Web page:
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Experiential Recalls
by Teo Eng Seng
Exhibition: April 10-24, 2011
Venue: Muse House, 22 Marshall Road, Singapore 424858
Visit: By appointment Tel: 97727852
  In 1979, Teo Eng Seng famously declared he had decided to abandon oil painting in order to seek a more Asian identity for his work. He turned to paper making and started to manipulate paper pulp. Ever since, the 1986 Cultural Medallion winner has become closely associated with his striking 'paperdyesculpts' which straddle the boundaries between painting and sculpture. Now though, for his latest exhibition, Experiential Recalls, Teo returns to painting. However, retaining his love of experimental twists, he paints on sewn canvas to take full artistic advantage of the lines, ridges and crevasses created by his various stitching methods.  
  After spending most of his career expressing his concerns about the world around him, from the Vietnam War and other conflicts to issues as varied as euthanasia and urban migration, Teo is now taking on a more introspective approach focussing on the world just around him. "I used to look at events that happened all around the world. That has been my preoccupation for a larger part of my career. But now, I feel that I should look maybe at more immediate things, more personal experiences, rather than watching big events and interpreting them," he says.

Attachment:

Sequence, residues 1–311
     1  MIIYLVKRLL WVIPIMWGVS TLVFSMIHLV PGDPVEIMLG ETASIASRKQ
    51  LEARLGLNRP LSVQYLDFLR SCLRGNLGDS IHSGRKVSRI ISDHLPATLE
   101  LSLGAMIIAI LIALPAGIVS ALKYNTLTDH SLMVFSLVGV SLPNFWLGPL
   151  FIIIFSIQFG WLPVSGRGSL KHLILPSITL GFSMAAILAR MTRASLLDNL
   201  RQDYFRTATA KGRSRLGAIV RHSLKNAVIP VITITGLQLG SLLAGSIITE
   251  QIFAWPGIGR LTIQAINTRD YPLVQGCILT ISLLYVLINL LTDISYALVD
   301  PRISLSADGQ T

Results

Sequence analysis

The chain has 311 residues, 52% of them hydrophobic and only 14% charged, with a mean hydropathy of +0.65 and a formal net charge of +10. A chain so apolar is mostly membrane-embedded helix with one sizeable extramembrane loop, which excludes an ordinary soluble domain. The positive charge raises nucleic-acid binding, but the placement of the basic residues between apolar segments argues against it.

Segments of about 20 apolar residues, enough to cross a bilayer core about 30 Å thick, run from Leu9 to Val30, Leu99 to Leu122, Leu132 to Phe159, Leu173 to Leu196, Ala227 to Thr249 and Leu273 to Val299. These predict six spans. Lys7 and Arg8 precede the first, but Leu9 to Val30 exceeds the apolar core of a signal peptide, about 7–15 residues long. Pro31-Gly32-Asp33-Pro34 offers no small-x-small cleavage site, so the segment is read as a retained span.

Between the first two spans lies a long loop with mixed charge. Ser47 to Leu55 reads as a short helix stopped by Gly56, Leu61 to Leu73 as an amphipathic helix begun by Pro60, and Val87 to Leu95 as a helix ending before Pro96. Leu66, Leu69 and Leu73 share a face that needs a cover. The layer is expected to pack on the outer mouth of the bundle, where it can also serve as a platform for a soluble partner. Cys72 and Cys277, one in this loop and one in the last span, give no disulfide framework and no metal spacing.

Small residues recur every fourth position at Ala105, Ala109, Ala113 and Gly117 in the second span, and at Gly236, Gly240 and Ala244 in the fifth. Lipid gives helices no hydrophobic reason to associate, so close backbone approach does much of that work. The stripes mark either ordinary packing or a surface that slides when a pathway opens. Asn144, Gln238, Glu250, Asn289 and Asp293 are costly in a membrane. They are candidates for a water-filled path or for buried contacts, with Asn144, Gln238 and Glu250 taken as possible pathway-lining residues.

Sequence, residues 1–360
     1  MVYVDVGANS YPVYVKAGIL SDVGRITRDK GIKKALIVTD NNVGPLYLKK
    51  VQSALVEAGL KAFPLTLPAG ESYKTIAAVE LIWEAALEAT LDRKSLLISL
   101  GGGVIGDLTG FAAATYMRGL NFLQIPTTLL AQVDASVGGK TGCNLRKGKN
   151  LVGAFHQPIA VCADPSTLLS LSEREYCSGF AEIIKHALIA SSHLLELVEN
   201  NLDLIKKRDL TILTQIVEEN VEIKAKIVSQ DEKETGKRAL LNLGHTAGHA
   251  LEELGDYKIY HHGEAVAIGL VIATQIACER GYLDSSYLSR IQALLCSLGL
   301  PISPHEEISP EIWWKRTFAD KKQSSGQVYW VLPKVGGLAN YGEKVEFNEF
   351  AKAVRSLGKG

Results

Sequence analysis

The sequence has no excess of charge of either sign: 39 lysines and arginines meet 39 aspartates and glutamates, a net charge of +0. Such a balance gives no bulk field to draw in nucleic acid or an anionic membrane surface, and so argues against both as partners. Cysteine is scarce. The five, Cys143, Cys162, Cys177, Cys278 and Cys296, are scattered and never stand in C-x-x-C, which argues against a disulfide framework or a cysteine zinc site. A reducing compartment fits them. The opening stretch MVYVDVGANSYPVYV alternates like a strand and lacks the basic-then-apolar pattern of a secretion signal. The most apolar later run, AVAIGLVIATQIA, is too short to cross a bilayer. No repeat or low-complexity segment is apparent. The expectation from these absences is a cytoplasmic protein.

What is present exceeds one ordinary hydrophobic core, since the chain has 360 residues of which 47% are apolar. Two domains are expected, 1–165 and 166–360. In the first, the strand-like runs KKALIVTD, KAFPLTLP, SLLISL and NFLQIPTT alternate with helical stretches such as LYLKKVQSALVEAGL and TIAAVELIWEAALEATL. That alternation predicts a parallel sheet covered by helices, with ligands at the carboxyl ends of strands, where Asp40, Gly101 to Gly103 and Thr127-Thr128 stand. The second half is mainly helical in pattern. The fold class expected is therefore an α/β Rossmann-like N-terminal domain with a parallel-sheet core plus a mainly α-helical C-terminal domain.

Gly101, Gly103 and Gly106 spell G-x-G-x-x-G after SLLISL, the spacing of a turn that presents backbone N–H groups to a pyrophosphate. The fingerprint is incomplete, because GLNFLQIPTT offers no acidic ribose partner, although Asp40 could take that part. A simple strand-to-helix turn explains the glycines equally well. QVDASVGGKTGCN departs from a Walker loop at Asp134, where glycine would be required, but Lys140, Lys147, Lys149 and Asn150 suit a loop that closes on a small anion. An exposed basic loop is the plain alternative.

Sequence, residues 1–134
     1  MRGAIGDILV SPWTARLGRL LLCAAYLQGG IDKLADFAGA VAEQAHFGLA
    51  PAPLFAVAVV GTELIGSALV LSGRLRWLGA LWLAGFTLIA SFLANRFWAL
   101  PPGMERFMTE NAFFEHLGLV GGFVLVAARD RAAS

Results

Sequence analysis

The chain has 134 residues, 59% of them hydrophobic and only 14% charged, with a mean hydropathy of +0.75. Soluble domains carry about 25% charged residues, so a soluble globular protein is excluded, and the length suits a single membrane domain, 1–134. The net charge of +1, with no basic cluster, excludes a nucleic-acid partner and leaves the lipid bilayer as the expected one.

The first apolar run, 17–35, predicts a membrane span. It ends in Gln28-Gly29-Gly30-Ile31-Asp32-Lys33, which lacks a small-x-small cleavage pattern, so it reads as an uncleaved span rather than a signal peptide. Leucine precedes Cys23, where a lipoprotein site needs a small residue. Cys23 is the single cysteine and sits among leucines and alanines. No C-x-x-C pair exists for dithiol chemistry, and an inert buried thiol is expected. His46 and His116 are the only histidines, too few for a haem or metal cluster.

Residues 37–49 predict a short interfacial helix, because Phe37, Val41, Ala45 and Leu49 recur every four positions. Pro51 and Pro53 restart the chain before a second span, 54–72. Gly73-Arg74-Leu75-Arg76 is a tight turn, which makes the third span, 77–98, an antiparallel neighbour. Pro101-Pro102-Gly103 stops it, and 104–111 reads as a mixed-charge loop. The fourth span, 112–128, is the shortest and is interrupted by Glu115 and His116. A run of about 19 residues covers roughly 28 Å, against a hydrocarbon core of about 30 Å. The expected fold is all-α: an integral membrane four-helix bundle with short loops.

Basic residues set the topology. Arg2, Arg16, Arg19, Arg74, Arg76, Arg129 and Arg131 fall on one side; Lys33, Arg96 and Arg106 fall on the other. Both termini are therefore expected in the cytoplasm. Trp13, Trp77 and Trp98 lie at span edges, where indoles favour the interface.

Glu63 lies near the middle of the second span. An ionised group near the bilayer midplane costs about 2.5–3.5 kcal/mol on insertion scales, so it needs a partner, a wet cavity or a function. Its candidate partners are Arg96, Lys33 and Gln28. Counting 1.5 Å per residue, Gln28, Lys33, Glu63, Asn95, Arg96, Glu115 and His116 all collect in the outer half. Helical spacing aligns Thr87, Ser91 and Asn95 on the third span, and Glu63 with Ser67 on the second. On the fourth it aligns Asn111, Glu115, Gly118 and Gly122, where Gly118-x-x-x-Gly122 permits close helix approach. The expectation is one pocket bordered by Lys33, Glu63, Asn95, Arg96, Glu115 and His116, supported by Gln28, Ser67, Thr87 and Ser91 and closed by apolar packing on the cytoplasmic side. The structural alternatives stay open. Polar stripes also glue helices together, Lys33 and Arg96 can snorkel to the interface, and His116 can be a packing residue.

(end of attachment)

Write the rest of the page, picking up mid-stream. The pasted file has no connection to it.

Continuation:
Many of the new works are inspired by his daily walks along the Siglap Park Connectors. His repeated experiences there trigger images in his mind of flowers, water and people, and he then tries to conjure these on his canvas. "I'm not trying to reproduce what I saw, but more recollect something," he explains. Still trying to push himself at 72, the artist has also for the first time done an installation using digital imaging photography related to his theme of "recalling." Experiential Recall greets visitors as they enter the Muse House and comprises two giant wooden window shutters that bring to mind those viewers will have seen a few minutes earlier on the Peranakan houses of Marshall Road. Here, they hide a digitally manipulated photograph of The Love Letter, a small painting by the famous 18th century Dutch painter Johann Vermeer, in which the artist has replaced the original maid looking over the shoulder of her mistress with a Peranakan lady and has also inserted himself in the painting, creating a new narrative in a well-known image. By changing the scale of the original painting, the artist invites viewers to ponder how images in the mind can actually be much bigger than in reality.

To coincide with the new exhibition, a new book will be released. Written by well-known art scholar and critic T.K. Sabapathy "Teo Eng Seng: Art & Thoughts" is a comprehensive critical review of the artist's varied career.


To interview the artist, email to teoengseng@ymail.com or call 97727852
 
     
 
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